OPINION: 2022 college rankings reflect anti-conservative bias in higher ed
It is possible that, when doing peer assessments, liberal academics may be inclined to rate liberal institutions higher than their conservative counterparts.
Americans perceive bias in higher education to varying degrees.
According to Pew Research, 72% of Republicans and 48% of Democrats believe that universities favor one set of political views over another. Most Americans, per Pew’s data, also believe that professors allow their personal political beliefs to enter the classroom and that colleges are doing too much to shield students from potentially offensive ideas.
While it is commonly held that academic institutions tend to advance particular political agendas, is there any empirical evidence that supports such a perception? If so, what is the explanation for such a phenomenon?
The answer may be found in college rankings.
In 2009, Researchers at the Center for College Affordability and Productivity found evidence that college ranking indexes incentivize universities to pursue certain behaviors as a means to achieve a higher ranking.
If these findings are accurate, the methodology of the Wall Street Journal/Times Higher Education “2022 College Rankings List,” among others, may be pushing schools to divert more resources to progressive racial or ethnic initiatives.
Ten percent of a school's rank in the WSJ/TIMES index is determined by measures of diversity and inclusion. Student racial diversity (3%), inclusion of low-income students (2%), proportion of international students (2%), and the racial diversity of faculty (3%) comprise the specific breakdown of that 10%.
Collectively, these measures are weighted more heavily than average student debt (7%) and the amount of research produced by faculty (8%), and only slightly less than graduation rates (11%).
Applying the findings discussed earlier, it would be reasonable to assume that colleges promote diversity and inclusion at least partially to improve their standings in college rankings. If true, this would contribute to the dominance of progressivism on American college campuses.
The second measure of interest from the WSJ/TIMES methodology is its inclusion of institutional academic reputation as determined by the results of a survey they administer to “leading scholars.”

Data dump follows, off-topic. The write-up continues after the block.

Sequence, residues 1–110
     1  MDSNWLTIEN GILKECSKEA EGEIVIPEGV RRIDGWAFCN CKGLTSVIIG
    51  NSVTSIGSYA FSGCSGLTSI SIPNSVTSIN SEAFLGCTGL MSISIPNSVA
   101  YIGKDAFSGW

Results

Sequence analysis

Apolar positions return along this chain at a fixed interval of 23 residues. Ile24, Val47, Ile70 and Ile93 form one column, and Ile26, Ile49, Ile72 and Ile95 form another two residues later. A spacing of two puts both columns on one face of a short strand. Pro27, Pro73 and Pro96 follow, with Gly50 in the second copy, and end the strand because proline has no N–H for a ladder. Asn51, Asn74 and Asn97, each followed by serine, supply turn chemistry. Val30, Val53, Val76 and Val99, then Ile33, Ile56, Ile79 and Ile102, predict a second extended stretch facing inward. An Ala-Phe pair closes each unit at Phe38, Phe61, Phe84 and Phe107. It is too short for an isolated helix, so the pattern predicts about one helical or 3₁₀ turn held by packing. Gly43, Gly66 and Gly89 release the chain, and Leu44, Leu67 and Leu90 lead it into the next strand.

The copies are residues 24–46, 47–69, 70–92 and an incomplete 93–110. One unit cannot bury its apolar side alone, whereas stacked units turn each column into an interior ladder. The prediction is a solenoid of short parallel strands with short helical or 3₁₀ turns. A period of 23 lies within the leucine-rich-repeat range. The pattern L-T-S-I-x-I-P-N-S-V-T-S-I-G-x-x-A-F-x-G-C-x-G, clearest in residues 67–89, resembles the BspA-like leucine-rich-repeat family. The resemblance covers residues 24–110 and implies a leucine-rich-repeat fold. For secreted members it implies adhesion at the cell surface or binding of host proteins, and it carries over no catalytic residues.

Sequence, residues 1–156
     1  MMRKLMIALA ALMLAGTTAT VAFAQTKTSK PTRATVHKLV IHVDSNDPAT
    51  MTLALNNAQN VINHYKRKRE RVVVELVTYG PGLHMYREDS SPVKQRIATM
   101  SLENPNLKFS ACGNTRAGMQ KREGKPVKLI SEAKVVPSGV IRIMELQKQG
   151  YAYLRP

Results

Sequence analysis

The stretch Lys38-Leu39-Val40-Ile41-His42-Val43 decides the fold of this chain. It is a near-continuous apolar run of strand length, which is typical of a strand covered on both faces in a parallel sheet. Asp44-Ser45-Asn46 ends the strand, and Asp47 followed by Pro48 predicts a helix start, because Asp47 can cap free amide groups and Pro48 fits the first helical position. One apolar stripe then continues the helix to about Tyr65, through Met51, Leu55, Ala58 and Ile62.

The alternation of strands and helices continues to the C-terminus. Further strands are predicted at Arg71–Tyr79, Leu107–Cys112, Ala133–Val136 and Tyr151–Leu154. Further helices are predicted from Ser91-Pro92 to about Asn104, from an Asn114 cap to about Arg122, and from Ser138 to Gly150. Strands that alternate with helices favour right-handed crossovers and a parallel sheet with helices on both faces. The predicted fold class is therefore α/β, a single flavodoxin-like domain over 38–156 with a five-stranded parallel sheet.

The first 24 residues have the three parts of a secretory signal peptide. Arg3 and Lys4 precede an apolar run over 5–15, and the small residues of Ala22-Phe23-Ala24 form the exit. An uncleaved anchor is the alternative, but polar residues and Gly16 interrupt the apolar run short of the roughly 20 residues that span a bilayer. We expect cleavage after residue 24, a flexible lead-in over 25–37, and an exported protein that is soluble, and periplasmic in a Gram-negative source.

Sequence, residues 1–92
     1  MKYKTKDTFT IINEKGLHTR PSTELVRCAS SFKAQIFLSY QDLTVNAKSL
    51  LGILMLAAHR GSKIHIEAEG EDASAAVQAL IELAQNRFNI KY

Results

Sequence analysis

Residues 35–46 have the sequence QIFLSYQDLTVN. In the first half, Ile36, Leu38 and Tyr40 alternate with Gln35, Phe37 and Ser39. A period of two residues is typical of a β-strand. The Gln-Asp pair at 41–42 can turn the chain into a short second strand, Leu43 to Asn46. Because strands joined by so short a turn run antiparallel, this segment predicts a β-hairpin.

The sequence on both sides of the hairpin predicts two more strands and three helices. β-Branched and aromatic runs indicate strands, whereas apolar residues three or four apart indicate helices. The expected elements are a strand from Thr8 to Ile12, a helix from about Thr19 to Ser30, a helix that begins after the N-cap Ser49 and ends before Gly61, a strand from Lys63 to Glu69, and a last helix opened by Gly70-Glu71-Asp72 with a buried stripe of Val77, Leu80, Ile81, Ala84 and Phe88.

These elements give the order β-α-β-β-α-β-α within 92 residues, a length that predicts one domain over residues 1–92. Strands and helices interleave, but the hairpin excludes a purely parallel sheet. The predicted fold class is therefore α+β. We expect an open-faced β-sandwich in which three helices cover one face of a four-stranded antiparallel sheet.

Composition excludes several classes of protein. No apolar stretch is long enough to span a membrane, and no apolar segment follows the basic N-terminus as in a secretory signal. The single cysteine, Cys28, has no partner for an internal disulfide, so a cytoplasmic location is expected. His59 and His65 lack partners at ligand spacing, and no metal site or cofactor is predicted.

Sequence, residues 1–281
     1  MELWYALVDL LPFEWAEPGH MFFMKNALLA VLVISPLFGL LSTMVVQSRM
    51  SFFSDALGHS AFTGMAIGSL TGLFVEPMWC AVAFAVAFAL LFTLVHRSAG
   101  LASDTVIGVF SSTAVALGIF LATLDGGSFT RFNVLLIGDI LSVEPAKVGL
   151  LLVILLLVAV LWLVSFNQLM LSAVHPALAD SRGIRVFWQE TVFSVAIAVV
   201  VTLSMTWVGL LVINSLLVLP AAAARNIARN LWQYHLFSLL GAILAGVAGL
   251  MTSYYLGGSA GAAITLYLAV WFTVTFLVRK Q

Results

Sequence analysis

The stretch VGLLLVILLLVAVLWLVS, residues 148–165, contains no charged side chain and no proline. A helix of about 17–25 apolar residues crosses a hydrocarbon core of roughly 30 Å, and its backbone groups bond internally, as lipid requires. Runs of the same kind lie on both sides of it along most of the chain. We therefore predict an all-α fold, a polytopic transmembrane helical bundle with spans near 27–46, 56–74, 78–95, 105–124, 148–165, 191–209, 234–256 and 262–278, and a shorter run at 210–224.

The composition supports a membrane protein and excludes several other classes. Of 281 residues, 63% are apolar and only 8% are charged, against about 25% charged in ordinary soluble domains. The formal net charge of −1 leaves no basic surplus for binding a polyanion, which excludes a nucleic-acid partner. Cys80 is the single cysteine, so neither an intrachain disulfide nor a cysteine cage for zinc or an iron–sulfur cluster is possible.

Academic reputation accounts for a further 10% of a university’s rank. While it may seem innocuous on the surface, a potential problem arises when considering that the vast majority of academics and academic administrators are self-described liberals.
It is possible that, when doing peer assessments, liberal academics may be inclined to rate liberal institutions higher than their conservative counterparts. Though some may be inclined to doubt the existence of such bias, there is empirical evidence suggesting that it may be real.
To do this, he gathered ranking data from the ten most conservative and ten most liberal law schools ranked by US News and World Report. Conklin then calculated the degree to which each school’s peer rank deviated from its actual rank. He reasoned that if those ranking law schools in peer surveys were unbiased, law school peer ranks should roughly align with their general ranking when comparing conservative to liberal schools.
Conklin found that the peer ranking of the ten most conservative schools was, on average, significantly lower than their general rank and that the peer ranks of the ten most liberal schools were slightly better. These results were determined to be statistically significant, meaning it is highly unlikely that the relationship can be attributed to chance.
The 2009 Center for College Affordability and Productivity study further suggests that colleges alter their behavior to conform to the ranking criteria provided by organizations like US News and World Report or the Wall Street Journal.
As it relates to diversity and inclusion, this puts pressure on all institutions to engage in efforts that conform to progressive goals. Conservative institutions that disagree with such practices or policy, as a result, may suffer in their rankings while other schools engage in diversity initiatives to boost their standing.
If bias exists in an area as important as college rankings, those producing such figures have an incentive to correct it to maintain their credibility.
When discussing the implications of his findings as they relate to law school peer rankings, Conklin argues that peer rankings should be dropped from consideration altogether. According to him, substantive measures of success like the bar passage rate are more important to prospective students than the opinions of academics.
A similar solution may apply to weighting select iterations of diversity in overall rankings.
How many students or staff of a given race occupy a campus has no bearing on the quality of education provided.
Perhaps such variables should be excluded from future rankings, with the weight attributed to them being redistributed to more substantive measures of institutional quality, such as the average income of graduates or matriculation rate of those admitted.